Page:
By Jim Ellis
Jan. 30, 2017 — Five years ago, Sen. Orrin Hatch (R-UT) publicly stated during his tense sixth re-election effort that he was running his last campaign. With the current term now beginning to approach what might be the end of his senatorial service that spans more than 40 years, Sen. Hatch’s most recent political statements indicate that he is at least considering seeking re-election yet again.
Local Utah polling firm Dan Jones & Associates recently conducted a survey (Jan. 9-16) of 605 of the state’s registered voters for the Salt Lake City Tribune and the Hinckley Institute of Politics. The findings suggest that the overwhelming majority of Utahans feel that Sen. Hatch should, in fact, retire. According to the respondents, 78 percent said they don’t believe he should seek re-election, and 58 percent describe their opinion as definite. In terms of job approval, however, Hatch’s favorability ratio is better: 51:47 percent positive to negative.
From the Dan Jones poll, former Gov. Jon Huntsman would defeat Sen. Hatch in a Republican primary by a whopping 62-21 percent, but this is a misleading statistic. The sample group is comprised of 605 registered voters at large, not only Republicans. When just self-identified GOP voters are segmented (the number is not released), Huntsman’s margin decreases to 49-35 percent. This latter tally is obviously not favorable to Sen. Hatch either, but it’s obviously an improvement when compared to the general sample response.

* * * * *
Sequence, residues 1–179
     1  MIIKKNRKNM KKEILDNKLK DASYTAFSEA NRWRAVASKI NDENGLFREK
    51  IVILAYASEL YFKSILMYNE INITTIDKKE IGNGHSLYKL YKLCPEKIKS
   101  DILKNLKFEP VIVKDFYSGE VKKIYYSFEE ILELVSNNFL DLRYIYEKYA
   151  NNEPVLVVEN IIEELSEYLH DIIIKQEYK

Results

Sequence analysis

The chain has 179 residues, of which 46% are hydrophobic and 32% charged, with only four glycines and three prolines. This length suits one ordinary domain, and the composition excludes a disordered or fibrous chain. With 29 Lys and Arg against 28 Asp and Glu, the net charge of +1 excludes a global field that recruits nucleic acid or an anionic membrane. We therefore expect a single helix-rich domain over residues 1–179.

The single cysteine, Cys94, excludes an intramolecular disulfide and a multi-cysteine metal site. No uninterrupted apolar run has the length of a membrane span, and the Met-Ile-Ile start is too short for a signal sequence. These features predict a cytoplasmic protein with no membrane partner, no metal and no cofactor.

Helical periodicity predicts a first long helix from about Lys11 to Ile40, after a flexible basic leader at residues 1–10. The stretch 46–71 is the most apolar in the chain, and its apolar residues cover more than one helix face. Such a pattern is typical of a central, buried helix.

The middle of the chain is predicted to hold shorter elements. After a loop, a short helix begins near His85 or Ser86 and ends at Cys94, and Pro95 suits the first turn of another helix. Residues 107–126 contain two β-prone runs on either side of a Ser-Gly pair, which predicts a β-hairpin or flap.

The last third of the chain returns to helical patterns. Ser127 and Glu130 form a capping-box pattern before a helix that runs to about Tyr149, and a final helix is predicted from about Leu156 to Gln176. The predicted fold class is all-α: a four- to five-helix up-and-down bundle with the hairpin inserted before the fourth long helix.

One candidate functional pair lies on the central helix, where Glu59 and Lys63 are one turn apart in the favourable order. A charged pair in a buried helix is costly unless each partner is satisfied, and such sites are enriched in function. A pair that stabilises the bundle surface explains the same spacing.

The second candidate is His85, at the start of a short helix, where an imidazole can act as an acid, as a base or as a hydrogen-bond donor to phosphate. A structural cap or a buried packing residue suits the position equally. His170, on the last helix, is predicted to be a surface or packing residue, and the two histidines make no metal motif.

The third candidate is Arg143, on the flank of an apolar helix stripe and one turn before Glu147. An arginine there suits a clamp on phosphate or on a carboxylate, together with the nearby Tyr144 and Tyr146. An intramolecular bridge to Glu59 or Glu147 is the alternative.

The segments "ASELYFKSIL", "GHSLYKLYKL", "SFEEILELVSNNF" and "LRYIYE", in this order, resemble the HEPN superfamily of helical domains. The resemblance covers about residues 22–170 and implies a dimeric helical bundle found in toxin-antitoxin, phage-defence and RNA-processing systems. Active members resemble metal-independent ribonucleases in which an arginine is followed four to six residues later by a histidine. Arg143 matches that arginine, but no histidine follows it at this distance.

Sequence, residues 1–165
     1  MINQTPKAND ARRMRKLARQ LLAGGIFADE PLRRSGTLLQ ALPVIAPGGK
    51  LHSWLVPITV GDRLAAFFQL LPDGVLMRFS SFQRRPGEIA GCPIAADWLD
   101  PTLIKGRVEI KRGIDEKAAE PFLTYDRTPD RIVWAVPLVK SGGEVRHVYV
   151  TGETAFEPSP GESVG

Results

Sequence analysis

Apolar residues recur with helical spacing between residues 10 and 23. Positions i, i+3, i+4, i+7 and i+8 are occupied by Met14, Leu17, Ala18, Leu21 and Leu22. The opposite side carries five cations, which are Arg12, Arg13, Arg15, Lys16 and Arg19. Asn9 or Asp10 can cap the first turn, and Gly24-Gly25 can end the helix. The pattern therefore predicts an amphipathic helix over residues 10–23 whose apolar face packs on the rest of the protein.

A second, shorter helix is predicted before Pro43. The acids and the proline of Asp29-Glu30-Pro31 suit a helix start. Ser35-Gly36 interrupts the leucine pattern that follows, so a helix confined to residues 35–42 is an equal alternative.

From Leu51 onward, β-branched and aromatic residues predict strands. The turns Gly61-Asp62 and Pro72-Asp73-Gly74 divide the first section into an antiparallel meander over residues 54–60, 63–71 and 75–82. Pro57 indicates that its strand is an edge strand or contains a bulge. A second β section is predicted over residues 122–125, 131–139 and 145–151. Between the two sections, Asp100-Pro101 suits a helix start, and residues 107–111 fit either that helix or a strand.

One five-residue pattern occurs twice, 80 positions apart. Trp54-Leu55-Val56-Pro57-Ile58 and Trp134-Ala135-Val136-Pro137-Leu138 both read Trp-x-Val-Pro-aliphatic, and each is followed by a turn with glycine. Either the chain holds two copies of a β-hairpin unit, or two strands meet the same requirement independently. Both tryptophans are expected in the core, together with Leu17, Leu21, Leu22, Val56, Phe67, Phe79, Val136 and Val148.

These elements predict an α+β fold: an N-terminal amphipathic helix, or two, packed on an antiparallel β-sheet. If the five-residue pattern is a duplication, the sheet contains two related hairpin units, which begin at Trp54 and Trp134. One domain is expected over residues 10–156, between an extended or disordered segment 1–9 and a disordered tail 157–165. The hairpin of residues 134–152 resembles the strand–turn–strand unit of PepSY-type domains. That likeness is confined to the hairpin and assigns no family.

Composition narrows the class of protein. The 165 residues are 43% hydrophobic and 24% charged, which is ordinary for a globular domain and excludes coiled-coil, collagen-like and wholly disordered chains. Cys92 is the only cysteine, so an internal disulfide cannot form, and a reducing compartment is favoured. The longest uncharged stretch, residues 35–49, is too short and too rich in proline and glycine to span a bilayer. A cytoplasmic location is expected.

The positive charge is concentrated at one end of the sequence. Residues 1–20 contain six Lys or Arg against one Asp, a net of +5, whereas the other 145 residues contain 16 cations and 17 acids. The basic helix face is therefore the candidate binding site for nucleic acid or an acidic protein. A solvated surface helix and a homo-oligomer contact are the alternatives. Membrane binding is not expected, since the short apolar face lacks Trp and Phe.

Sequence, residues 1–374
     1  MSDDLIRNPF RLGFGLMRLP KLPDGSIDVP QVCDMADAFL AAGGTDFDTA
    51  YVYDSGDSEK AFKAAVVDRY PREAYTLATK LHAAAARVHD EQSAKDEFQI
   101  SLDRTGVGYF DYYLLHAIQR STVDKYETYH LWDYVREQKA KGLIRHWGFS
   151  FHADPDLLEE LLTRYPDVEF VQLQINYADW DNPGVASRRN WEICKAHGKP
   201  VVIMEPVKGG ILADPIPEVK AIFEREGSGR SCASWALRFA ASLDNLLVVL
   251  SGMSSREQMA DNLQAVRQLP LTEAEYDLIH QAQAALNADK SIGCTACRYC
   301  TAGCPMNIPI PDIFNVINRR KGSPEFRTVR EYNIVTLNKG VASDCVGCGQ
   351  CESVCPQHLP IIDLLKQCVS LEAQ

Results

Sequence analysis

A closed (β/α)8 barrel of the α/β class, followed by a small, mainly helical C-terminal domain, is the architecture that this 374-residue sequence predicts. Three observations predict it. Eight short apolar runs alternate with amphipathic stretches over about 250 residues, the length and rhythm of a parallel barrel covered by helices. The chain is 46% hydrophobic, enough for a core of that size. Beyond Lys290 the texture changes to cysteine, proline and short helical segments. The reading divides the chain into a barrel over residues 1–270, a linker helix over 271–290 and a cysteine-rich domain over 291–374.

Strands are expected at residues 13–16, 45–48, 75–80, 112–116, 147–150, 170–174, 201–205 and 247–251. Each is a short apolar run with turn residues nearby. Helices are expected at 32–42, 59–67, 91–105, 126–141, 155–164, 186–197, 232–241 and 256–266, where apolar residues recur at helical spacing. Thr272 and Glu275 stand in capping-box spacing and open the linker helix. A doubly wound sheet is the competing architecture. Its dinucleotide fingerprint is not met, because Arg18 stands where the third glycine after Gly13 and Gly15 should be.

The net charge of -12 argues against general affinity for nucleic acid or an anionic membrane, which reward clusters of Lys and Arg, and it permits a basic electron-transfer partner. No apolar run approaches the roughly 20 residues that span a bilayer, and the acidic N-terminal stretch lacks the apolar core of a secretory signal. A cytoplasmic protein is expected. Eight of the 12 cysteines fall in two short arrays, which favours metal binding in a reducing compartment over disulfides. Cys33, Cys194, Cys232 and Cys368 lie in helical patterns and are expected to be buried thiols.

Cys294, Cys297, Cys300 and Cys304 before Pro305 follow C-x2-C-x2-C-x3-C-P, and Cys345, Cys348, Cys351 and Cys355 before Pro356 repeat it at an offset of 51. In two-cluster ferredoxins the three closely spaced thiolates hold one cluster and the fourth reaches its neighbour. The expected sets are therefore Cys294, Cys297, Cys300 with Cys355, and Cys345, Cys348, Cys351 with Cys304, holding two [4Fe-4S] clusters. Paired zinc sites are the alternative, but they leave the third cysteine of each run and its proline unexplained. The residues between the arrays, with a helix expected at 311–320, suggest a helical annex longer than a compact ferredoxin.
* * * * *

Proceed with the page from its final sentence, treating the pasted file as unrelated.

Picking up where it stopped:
The previous results are skewed because Democrats and Independents are rendering input for a Republican primary, which, in Utah, doesn’t happen. While the Democrats hold open primaries here, Republicans do not. Therefore, only registered Republicans are eligible to participate in a GOP primary. Additionally, when isolating the Republican cell segment from this poll, we see a group that is almost assuredly too small – likely considerably less than 300 — to draw an accurate conclusion for a statewide campaign.
Still, the flawed numbers here are so overwhelming that it is reasonable to conclude Sen. Hatch is starting a potential bid for re-election as a weakened incumbent.
Though Huntsman has already stated he would not challenge Sen. Hatch, other lesser-known Republicans might. If Hatch’s standing is this poor against Huntsman, even when using the improved 49-35 percent GOP only response, it appears another Republican might begin at approximate even strength with the senator. Clearly a sentiment exists even among Republicans that it is time for the Senate’s senior Republican to retire.
Seeing bad polling numbers early in a re-election cycle is nothing new for Hatch, however. As Dan Jones points out, only 40 percent of Utah voters thought he should run for a seventh term when tested well before the 2012 election, yet he scored a 65 percent majority in the succeeding general election.
The Republicans will not be in danger of losing the Utah Senate seat no matter what eventually happens in the GOP nominating convention or primary. Though Sen. Hatch is far from being considered even an underdog for a 2018 campaign, it appears his eighth run for the Senate, assuming he proceeds down such a path, will draw more attention and competition than his past mundane re-election opponents have previously generated.